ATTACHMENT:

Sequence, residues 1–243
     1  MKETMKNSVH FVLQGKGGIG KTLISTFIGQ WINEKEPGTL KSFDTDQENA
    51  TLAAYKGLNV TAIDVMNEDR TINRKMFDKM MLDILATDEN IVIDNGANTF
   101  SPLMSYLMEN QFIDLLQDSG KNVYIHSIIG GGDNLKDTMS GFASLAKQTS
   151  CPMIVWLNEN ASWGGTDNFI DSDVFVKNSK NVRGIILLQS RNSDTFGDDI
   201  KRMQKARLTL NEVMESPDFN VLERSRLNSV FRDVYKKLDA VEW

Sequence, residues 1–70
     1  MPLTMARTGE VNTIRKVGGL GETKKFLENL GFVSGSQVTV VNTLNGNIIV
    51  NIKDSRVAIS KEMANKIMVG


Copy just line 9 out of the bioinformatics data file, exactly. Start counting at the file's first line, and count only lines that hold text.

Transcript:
    51  NIKDSRVAIS KEMANKIMVG